So it’s crucial to remember that, while it’s good to step out of our comfort  zone, it’s also good to be able to step back in. That’s when we can actually see and  appreciate the value of that optimal anxiety we just talked about.  

Being in our comfortable safe zone, that will help us be grateful for the  willpower and the courage it took to venture out and try something new. The more  we step out of our comfort zone and then safely step back in, the more we build up  that confidence we need in ourselves.  

Now, we can’t talk about comfort zones without talking about what’s outside  of those comfort zones. Many of us perceive what’s outside of our comfort zone as  risky or scary, and that’s okay to feel that way. It’s uncharted territory sometimes.  After all, it’s outside of our comfort zone. It’s a place where it’s natural to be worried  

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or anxious about traveling down this unknown path. So, I want to talk about that in  just a minute. But first, I want to give a quick word for our podcast sponsor, Gusto.  

For small business owners out there, Gusto is a great tool that helps with your  payroll, benefits and your HR needs. I know because, Gusto is a tool that I use myself  in my own business, and they make it really simple to sign, store and even organize all  your employee documents online. And to me, one of the best parts about Gusto is  they provide expert HR support that’s just a phone call away.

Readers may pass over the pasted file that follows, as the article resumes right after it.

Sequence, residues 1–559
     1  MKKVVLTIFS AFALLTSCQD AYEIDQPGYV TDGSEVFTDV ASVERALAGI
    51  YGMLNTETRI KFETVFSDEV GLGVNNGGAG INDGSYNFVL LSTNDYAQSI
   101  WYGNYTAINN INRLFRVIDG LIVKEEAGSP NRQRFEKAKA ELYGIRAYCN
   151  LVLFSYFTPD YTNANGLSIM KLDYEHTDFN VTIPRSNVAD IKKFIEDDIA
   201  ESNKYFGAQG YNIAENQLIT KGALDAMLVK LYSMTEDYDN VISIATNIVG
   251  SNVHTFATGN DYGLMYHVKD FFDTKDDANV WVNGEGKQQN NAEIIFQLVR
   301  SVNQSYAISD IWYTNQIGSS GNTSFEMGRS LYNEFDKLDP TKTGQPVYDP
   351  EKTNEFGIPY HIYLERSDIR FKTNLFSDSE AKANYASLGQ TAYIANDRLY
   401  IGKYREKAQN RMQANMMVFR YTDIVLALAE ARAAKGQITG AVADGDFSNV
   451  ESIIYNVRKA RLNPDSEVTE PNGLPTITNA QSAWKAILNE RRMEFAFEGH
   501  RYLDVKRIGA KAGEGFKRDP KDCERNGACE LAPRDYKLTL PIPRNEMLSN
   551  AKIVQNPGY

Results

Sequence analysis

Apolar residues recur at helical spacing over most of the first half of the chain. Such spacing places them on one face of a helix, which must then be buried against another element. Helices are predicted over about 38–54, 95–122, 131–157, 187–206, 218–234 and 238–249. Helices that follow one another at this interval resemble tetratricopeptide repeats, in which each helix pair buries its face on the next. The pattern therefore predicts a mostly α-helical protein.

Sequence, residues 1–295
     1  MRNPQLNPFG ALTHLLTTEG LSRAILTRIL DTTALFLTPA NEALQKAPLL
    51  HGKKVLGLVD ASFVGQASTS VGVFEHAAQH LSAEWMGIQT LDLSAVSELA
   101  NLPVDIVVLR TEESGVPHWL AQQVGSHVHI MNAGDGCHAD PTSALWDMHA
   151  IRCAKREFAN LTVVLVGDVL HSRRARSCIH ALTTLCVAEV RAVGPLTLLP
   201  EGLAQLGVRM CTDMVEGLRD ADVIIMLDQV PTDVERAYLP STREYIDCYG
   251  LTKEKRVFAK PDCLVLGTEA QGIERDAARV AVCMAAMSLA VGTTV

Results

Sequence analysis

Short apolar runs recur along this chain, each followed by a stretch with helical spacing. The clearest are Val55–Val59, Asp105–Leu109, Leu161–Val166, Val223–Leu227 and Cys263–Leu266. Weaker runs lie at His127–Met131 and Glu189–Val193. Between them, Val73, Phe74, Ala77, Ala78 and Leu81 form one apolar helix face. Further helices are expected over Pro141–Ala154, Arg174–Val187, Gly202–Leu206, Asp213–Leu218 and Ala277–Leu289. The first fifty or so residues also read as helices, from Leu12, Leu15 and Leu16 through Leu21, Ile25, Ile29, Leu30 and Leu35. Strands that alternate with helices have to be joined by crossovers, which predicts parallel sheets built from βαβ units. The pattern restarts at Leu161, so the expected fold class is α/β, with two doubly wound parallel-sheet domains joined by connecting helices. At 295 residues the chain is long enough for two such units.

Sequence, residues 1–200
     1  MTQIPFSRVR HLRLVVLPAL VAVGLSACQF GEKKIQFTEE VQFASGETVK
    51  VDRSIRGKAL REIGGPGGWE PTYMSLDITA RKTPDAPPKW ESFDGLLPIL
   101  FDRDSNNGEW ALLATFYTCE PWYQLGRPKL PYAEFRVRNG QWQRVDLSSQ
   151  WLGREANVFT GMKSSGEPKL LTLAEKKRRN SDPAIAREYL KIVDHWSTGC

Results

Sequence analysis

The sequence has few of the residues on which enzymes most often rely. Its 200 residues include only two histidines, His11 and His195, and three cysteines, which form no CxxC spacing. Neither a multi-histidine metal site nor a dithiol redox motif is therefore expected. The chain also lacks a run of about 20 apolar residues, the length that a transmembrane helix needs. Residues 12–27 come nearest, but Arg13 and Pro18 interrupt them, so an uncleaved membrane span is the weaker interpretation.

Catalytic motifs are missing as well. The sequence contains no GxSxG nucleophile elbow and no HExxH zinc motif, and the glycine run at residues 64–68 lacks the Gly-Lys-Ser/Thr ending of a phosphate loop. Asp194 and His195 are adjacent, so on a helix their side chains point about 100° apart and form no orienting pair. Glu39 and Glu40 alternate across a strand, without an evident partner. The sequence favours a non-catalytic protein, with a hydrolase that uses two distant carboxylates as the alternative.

They’re happy to help answer any questions you might have as far as HR, or  payroll or any of those things that can be a little bit daunting and scary. Plus, Gusto  automatically files and pays all state, local and federal payroll taxes. So that’s one less  thing for you to worry about. Gusto has generously offered my podcast listeners  three months free. Simply go to gusto.com/paradox to get the information on how to  get your free trial.